What is infertility?
Infertility is a disease of the reproductive system that inhibits a couple’s ability to make a baby. Infertility involves a couple. If a couple has not been able to conceive after 12 months of regular intercourse and the woman’s age is less than 35 years, then most experts would say this couple meets the definition of infertility. If the woman’s age is greater than 35 years and a couple has been trying to conceive for six months without success, then this couple would also be considered to have infertility.
To learn more read the ASRM Fact Sheet on “Infertility: An Overview”
When should I see a specialist?
- If you are under 35 years of age, have been trying to conceive for 12 months or more and have no risk factors for infertility then you should schedule an appointment for a fertility evaluation.
- If you are over 35 years of age, have been trying to conceive for 6 months or more and have no risk factors for infertility then you should make an appointment for a fertility evaluation.
- If you are over 40 years of age and are trying to conceive or thinking of trying to conceive you should make an appointment today for a fertility consultation.
Women or couples of any age with risk factors for infertility (see below) should make an appointment today for a fertility consultation.
What are risk factors for infertility?
- Women who do not get their periods or whose periods are not regular (coming at least every 30-35 days).
- Women with a history of chemotherapy, radiation therapy, or endometriosis.
- Women with known or suspected uterine/tubal disease. This includes women with fibroids or women who have a history of gonorrhea or Chlamydia.
- Women whose male partner has a history of groin or testicular surgery, adult mumps, impotence or other sexual dysfunction, chemotherapy and/or radiation, a history of subfertility with another partner or whose male partner has had an abnormal semen analysis.
What is normal fertility?
The majority of couples (80-90%) will conceive within the first year of trying.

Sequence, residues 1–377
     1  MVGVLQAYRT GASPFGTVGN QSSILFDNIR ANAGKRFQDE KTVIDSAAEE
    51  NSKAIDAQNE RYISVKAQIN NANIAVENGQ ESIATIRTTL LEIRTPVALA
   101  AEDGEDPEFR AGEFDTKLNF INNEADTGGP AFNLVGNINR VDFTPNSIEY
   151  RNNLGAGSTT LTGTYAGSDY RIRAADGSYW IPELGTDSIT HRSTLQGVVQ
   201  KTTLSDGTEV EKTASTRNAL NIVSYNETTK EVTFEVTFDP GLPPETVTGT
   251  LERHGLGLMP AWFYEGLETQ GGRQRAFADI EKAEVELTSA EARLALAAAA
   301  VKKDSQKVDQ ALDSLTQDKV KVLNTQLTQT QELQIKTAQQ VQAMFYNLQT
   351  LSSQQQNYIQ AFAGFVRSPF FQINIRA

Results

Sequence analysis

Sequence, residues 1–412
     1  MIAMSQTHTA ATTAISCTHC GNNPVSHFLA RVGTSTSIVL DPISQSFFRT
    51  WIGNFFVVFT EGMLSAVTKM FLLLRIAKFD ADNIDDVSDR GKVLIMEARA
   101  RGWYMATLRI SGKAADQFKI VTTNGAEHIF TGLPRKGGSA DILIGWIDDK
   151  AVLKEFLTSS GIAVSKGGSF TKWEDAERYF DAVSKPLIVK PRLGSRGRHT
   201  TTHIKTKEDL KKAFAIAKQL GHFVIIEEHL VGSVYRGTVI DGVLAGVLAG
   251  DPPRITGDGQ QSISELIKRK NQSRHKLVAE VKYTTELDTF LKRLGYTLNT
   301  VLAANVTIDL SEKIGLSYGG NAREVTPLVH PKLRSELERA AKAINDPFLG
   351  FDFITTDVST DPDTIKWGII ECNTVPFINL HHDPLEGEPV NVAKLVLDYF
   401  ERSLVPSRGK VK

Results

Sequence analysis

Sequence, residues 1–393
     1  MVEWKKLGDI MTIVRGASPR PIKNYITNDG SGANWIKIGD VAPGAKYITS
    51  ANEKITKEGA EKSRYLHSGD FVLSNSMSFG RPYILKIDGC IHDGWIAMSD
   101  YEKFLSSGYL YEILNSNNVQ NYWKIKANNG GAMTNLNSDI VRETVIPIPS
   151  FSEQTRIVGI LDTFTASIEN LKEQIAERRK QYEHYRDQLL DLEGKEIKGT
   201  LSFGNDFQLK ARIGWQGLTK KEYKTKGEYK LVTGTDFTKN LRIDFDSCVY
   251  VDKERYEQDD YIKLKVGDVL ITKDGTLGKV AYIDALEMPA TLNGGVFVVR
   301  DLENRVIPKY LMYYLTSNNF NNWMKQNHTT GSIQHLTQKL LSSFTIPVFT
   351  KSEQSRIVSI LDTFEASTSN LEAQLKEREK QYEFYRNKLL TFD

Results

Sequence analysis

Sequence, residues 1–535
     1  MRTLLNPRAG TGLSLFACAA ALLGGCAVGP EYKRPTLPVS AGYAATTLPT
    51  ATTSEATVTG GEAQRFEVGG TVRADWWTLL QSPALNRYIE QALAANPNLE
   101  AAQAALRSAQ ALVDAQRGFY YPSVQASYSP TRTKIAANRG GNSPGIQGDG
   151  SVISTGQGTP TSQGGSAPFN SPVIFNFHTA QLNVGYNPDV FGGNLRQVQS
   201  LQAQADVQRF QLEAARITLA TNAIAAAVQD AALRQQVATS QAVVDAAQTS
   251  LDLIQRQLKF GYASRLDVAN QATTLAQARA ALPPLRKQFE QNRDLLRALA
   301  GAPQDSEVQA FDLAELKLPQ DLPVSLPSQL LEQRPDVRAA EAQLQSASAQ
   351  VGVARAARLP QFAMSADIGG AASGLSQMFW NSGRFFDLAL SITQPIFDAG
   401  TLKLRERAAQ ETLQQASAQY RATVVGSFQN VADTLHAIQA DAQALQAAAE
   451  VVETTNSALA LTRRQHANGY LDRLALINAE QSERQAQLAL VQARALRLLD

How common is infertility?
- Infertility affects approximately 8-10% of all couples.
- Female factors can cause a couple to be infertile 30-40% of the time.
- Male factors are found to be the cause of infertility about 30% of the time.
- In another 30-40% of couples both female and male factors contribute to the couple’s infertility. In about 5-10% of couples, infertility remains unexplained even after a fertility work-up.
For more information visit the Common Causes of Infertility page.
What to expect at your first visit?
The initial consultation with your physician is a thorough review of your history and medical records. You will also have a physical exam and possibly an ultrasound will be performed. Blood work may also be ordered but testing is individualized and every test is not performed on every person.
During this visit, you will have the opportunity to have your questions answered and to participate in developing a plan for further evaluation and/or treatment. We strongly encourage both partners to be present for this meeting.
This plan is based on the information provided by your medical history and physical examination. It is designed to focus on and answer many important questions including:
- Are you ovulating?
- Are your fallopian tubes normal?
- How does your uterus appear on ultrsound?
- Are the sperm normal in number and in function?
Once your diagnosis is established, a treatment plan will be tailored to suit your personal situation. After your initial consultation with a physician, an individualized, diagnostic plan will be outlined to determine the cause of your infertility. The recommended approach will depend on your age, diagnosis, the duration of infertility, any previous treatments, and your personal preferences.